A Space for the Space Gap

For a few weeks at the end of the summer, Theo Petrohilos, Ben Hayes and Kaowen Ho of  Unknown Works set up camp in the Blackhorse Workshop yard to start work on a pavilion which would form the gateway installation to  100% Design at the London Design Festival.

Made in collaboration with Hildrey Studio, the pavilion called Space Gap,was used to host a programme of events discussing the disparity of space allocation in London whilst addressing the social divide created by the current housing crisis. The size and volume of the pavilion was a representation of the cramped conditions in social housing within the city as well as a physical portrayal of the void left by the estimated 20,000 empty homes in London.

Theo came to the workshop to make the prototype for one of the 150 timber posts that would form the main structure, these would hold cast concrete seats while also acting as bases for the structure over which sat a red mesh scaffold fabric. Theo returned with Kaowen and Ben to start the build using the workshop to construct the posts and the casts for the concrete. The last of the summer days were spent in the Blackhorse yard, they set up a makeshift camp and production area for the team as they set to work on the many casts needed for the construction. As days turned to nights, the team worked to the very last minute to complete all the elements, bringing in some extra hands to paint the now recognisable red posts of the pavilion. Theo and Ben’s lunches at their workbench became a familiar sight as they took a brief rest from the mammoth task.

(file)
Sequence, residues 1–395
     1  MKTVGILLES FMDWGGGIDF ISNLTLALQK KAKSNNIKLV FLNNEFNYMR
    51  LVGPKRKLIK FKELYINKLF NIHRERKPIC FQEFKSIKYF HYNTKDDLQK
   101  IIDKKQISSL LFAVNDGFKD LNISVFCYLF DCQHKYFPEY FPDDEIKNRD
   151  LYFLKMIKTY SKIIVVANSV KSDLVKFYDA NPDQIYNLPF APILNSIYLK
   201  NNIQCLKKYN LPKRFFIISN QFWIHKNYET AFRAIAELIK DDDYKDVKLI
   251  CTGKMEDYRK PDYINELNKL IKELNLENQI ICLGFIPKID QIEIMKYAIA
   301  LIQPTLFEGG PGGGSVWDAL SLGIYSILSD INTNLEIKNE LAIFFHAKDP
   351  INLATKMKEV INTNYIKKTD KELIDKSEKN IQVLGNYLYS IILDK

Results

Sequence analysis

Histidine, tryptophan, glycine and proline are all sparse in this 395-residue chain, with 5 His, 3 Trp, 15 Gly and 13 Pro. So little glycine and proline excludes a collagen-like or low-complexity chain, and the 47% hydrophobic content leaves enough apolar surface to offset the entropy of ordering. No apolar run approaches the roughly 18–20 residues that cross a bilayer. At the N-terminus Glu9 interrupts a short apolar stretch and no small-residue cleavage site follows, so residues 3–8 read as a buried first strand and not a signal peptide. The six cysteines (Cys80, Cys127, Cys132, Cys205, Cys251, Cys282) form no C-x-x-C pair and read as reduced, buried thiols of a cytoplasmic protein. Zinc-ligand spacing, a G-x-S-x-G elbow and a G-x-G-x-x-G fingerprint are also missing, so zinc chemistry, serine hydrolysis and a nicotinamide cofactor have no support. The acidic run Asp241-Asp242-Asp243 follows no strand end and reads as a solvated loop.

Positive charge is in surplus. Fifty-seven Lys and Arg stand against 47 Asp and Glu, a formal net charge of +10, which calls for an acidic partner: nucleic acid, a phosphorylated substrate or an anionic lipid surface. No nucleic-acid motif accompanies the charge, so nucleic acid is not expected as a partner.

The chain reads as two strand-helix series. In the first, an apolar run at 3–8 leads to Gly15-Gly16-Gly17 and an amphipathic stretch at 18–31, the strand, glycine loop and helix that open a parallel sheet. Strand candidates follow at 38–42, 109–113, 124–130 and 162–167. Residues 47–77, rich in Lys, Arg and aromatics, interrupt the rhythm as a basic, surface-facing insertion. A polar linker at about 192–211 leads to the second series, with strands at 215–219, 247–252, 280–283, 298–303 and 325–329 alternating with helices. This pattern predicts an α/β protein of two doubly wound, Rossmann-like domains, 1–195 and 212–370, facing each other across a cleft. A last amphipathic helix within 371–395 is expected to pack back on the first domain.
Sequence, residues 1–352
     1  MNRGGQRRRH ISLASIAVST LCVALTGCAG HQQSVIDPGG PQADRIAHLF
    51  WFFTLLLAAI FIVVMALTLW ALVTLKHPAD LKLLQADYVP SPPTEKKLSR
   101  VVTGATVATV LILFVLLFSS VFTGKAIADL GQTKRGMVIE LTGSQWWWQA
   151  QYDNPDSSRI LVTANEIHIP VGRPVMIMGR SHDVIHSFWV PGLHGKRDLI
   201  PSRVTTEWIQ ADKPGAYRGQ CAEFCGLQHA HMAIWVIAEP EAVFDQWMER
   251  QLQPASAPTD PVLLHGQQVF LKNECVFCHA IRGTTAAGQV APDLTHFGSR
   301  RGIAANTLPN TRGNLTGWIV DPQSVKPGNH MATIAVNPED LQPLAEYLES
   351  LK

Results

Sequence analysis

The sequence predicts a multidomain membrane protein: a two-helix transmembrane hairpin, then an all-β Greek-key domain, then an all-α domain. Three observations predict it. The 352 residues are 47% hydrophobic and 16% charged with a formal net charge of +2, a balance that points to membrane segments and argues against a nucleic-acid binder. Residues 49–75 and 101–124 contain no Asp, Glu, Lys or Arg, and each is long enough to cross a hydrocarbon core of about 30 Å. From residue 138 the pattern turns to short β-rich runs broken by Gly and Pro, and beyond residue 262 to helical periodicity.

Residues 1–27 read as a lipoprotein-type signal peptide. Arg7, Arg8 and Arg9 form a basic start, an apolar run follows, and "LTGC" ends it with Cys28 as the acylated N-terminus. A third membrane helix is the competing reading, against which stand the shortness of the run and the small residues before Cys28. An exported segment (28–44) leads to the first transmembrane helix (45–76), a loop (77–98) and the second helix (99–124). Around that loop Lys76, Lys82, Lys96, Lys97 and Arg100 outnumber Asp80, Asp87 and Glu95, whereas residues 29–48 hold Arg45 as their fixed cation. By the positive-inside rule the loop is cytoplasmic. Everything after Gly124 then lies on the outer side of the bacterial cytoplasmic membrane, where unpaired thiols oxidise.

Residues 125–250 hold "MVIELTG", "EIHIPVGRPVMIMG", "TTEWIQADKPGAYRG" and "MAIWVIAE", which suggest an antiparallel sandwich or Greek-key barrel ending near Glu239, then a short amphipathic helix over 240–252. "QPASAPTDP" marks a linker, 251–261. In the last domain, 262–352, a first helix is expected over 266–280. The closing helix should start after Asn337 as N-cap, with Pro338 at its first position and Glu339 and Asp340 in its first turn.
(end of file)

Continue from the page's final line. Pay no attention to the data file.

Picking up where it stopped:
The hard graft of the team paid off to produce a striking structure against the backdrop of the imposing Victorian halls of Olympia. The starkness of the posts juxtaposed with the softness of the mesh created a sense of emptiness while also feeling like a safe haven when filled with people and permeated with light.

‘Unknown Works set out to create an immersive experience that engages the public with the realities of the housing crisis. We wanted the pavilion to design itself – the issues we wanted to highlight and the stories we wanted to tell ultimately shaped its form. The pavilion presents the housing crisis in London as it exists, in all its disparity and lets the shocking truth speak for itself.’

The programme of events featured three panel discussions addressing issues within policy, design and space that affect the current housing crisis and the possible solutions that can be offered from the worlds of design, architecture and local government. A film of the final discussion on the space gap can be viewed here

The workshop were very happy to support the team and project and look forward to working with Unknown Works in the future.